PERSPECTIVES ON ADVOCACY: Strength in Numbers
By Cynthia Janus, M.D., author of THE ALZHEIMER’S CATASTROPHE: The Long Uphill Battle Against Alzheimer’s Disease and Why We Can’t Afford to Lose
People who are diagnosed with dementia, and those who love them, embark on a challenging journey as the lives they had previously imagined are changed forever. I know this because I was on this journey for at least thirteen years with my husband, who had dementia, ultimately diagnosed as Alzheimer’s type.
In the case of Alzheimer’s disease, the most common form of dementia, there are more questions than answers as to its exact nature and cause (or causes), its progression, and how best to monitor its course with biomarkers and imaging. It is well known by now that medications used to treat Alzheimer’s are helpful for only a short period of time and do not work for everyone. Some have set a deadline date for finding a cure but, in my opinion, this is unrealistic. Aside from the efforts of many bright and dedicated researchers whose goals are humanitarian and altruistic, the profit motives of drug companies and the quest for fame and glory by others will act as incentives and serve to spur research. However, even after any such discovery of an effective treatment, it will take an unknown number of additional years to find out if a newly discovered medication is really effective and safe. Meanwhile, all we can do is support research and “hope for the best”.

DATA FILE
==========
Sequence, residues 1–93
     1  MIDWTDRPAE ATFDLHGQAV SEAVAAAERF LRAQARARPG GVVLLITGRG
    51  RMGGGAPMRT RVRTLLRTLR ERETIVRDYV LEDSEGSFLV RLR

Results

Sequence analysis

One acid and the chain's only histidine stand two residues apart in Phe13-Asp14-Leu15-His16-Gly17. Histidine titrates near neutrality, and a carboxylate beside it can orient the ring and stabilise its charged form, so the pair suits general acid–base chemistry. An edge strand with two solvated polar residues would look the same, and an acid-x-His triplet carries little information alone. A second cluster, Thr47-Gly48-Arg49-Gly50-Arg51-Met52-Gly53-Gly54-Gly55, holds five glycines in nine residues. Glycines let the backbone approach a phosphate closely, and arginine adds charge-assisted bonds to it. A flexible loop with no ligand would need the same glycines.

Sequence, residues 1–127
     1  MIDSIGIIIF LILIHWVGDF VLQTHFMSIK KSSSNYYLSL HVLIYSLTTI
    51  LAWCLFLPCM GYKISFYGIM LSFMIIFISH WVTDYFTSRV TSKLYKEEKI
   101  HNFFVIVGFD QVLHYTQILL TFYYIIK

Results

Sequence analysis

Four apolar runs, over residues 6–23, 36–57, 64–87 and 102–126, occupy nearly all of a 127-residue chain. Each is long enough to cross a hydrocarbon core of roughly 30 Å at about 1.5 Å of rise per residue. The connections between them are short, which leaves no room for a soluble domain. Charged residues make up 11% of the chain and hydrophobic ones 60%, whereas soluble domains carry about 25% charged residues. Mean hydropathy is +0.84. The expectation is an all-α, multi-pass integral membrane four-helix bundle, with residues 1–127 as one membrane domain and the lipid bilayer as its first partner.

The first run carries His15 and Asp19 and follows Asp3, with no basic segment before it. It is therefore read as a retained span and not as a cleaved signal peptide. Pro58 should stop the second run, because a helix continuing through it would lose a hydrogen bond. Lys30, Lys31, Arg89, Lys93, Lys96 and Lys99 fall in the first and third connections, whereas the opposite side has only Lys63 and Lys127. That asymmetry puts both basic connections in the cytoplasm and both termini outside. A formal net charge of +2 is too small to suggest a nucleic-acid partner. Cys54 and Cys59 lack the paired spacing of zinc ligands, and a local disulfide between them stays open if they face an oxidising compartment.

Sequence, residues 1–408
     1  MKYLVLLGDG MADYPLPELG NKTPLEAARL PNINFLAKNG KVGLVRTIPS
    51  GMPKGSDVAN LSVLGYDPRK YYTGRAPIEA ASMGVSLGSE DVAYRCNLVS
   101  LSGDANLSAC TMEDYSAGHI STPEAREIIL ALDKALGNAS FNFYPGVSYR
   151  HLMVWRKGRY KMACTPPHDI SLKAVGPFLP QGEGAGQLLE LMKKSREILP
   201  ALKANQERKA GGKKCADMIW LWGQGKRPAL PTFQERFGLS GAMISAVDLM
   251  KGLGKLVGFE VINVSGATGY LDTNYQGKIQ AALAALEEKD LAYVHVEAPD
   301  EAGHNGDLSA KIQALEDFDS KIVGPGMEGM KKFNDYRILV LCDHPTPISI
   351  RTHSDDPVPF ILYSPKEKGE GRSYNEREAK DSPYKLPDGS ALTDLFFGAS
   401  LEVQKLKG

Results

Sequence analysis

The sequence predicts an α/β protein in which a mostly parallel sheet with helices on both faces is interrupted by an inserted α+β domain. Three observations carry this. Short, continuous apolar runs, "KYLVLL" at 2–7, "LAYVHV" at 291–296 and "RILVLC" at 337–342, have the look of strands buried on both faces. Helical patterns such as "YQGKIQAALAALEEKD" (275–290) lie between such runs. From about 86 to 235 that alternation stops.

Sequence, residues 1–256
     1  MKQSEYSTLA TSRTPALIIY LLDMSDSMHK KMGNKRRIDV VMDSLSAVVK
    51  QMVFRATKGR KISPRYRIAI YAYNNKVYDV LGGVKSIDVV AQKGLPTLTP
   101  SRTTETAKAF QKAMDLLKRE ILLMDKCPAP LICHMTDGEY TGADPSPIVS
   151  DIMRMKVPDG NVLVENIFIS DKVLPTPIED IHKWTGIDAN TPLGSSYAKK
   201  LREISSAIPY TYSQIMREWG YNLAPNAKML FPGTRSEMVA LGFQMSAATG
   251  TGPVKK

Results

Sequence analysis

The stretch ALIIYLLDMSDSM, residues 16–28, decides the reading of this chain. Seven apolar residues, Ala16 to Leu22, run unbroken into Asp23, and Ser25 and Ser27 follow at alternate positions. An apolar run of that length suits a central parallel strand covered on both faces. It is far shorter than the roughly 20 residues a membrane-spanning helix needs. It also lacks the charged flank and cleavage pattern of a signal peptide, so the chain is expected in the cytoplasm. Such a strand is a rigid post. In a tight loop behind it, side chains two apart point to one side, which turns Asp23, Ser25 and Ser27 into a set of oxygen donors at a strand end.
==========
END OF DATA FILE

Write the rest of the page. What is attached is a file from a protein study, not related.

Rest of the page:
We can, however, impact the lives of people with dementia right now through education and advocacy efforts. No two people with dementia have the exact same experiences, expectations and coping mechanisms. Likewise, reactions of individuals to someone else’s dementia can vary greatly. In the best of worlds, people with dementia can continue to engage professionally and socially for as long as possible with some modifications. Sadly, however, they have too often been overlooked, isolated and treated as a source of embarrassment. Many people are uncomfortable, and some are plain insensitive, in the presence of someone with dementia. These reactions cut across age, sex, ethnicity, educational level and profession.
I remember a soft spoken geriatrician who was informative and realistic yet encouraging when speaking to us and I recall many physicians who seemed to have trouble looking my husband, Sam, in the eye. There was a speech pathologist who gave us very useful recommendations and always made us feel that obstacles could be overcome but I also remember a neuropsychologist who spent the better part of an hour telling us only about all the things that Sam would not be able to do. There was the real estate agent who answered with great annoyance a question posed by my husband with, “You’ve asked me that three times already!” I remember a well meaning family friend who insistently, but mistakenly, tried to correct Sam on the meaning of a word because he did not know Sam’s substitution word for the object. In another instance, a friend invited me to her house for coffee and then brusquely banished her elderly mother with dementia to her bedroom, even though I said I was perfectly happy and comfortable with her mother in the same room. These types of situations occur routinely for people with dementia and I could go on and on…